The healthcare industry — and senior housing in particular — will see continued distress as a result of the COVID-19 pandemic, according to a report released Wednesday by Polsinelli, a law firm. Although some hospitals and preventive care clinics recently reported a short-term surge in revenue as a result of the virus, the report suggests that businesses serving the at-risk senior population — including senior living communities — are likely to face additional operational and legal costs.
According to yesterday’s Polsinelli-TrBK Distress Indices Report, both the overall economic distress and distress in the healthcare industry grew in the second quarter, leading many experts at the firm to believe a volatile economy could linger much longer than originally expected. The Polsinelli-TrBK indices use filtered Chapter 11 filings as a proxy for distress in the overall economy and within certain subsectors, including healthcare. In the second quarter, the report showed that bankruptcy filings increased by nearly 3% within the healthcare sector and continues to track significantly higher than other segments.
“From what we’ve seen in the second quarter, I expect healthcare filings to continue to accelerate in a post-coronavirus world, especially in the senior care, senior living and skilled nursing fields,” said Jeremy Johnson, a bankruptcy and restructuring attorney and co-author of the report. “It will be more difficult for skilled nursing facilities or independent senior living communities to market to new residents and patients. The impact of the virus will last much longer in those industries.”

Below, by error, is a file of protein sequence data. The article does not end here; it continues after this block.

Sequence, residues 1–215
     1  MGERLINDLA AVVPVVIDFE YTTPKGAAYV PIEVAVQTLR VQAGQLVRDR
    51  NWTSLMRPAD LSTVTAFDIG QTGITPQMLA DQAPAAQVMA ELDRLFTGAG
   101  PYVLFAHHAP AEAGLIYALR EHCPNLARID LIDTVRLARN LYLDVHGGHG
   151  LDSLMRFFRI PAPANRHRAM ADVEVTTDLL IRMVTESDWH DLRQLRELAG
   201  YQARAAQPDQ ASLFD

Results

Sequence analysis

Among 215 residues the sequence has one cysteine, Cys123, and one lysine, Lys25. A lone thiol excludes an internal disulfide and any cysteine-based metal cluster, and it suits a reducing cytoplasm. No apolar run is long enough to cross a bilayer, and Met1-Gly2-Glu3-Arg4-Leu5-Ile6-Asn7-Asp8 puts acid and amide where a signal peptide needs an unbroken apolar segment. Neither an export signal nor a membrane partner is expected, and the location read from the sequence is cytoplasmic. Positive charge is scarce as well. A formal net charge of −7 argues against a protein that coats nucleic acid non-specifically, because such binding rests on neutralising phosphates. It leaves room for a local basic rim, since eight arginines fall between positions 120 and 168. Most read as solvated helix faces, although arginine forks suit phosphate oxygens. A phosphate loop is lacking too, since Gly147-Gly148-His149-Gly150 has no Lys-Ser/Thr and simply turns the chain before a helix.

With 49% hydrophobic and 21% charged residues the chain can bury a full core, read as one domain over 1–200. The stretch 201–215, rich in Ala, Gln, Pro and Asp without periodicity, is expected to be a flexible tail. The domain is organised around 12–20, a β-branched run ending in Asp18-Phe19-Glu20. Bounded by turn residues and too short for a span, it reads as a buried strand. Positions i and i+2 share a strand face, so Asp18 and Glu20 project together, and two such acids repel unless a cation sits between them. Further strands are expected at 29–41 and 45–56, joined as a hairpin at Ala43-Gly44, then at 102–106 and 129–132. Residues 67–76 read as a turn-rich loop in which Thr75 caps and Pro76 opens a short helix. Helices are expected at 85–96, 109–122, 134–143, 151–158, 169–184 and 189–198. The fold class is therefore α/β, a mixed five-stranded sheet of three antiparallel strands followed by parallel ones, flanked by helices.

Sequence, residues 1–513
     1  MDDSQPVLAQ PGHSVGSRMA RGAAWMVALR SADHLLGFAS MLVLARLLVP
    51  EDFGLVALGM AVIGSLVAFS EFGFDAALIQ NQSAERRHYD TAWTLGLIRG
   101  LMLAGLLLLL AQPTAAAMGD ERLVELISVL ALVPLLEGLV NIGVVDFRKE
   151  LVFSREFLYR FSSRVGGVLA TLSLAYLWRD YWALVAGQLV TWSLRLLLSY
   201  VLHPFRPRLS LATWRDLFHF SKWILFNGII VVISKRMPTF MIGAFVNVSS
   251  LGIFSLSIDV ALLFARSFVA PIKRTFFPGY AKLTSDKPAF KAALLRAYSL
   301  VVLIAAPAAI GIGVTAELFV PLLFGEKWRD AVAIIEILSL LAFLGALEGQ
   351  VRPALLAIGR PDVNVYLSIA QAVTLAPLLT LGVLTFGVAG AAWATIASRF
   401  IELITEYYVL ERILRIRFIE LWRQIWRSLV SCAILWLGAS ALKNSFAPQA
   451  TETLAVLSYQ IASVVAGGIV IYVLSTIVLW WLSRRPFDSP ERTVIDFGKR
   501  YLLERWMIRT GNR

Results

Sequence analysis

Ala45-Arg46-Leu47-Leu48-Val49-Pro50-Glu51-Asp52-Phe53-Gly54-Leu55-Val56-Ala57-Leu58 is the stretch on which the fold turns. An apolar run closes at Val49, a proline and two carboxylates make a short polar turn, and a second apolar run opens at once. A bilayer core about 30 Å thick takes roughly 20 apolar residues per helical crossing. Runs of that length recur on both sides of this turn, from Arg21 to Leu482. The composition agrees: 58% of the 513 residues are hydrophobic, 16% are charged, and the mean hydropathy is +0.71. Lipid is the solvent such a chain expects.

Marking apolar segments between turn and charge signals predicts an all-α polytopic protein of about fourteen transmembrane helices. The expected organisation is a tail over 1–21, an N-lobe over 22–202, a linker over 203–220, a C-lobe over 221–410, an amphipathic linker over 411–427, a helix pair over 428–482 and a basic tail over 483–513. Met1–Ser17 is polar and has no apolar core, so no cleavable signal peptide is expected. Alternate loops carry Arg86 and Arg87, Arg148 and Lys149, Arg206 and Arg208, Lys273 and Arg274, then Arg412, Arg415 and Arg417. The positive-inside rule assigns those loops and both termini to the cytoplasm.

Johnson recommends that operators use a 13-week cash budget and track budget to actual spending on a weekly basis. He added that it’s important to have a firm grasp on cash receipts and upcoming expenses, and to review all vendor relationships and credit terms to make sure they are managing cash and taking full advantage of available lines of credit or trade credit. Further, he recommended testing the cash budget to determine potential weaknesses if credit terms are tightened, to help determine vulnerabilities.
“All of this should be done in addition to taking full advantage of existing relief programs,” he said.
“The large bankruptcy filings this last quarter were primarily operators already experiencing distress, and the pandemic put additional pressure on an already distressed business,” he said. “The government has thrown a significant amount of money at certain types of healthcare operators in an attempt to help them through the worst of the pandemic, but those bills are coming due and many won’t have money set aside. We anticipate the impact of COVID-19 will really be felt over the next six to eight quarters.”